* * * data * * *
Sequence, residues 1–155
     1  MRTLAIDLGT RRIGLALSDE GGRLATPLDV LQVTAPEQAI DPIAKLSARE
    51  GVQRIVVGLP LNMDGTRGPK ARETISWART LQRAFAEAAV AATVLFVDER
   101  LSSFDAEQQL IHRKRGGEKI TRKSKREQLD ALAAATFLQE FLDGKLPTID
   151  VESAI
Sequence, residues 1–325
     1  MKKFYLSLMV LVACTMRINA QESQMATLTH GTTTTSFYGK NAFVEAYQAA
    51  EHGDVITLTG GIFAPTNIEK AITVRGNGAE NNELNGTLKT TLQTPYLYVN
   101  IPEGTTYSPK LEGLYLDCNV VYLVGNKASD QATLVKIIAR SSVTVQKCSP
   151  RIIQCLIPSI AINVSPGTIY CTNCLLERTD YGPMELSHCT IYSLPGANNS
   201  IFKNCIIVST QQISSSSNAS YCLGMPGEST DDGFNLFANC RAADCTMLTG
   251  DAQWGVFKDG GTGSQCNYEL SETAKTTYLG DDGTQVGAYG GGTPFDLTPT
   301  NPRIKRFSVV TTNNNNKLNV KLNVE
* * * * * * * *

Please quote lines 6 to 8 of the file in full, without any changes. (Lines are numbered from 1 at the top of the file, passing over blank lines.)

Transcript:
Sequence, residues 1–325
     1  MKKFYLSLMV LVACTMRINA QESQMATLTH GTTTTSFYGK NAFVEAYQAA
    51  EHGDVITLTG GIFAPTNIEK AITVRGNGAE NNELNGTLKT TLQTPYLYVN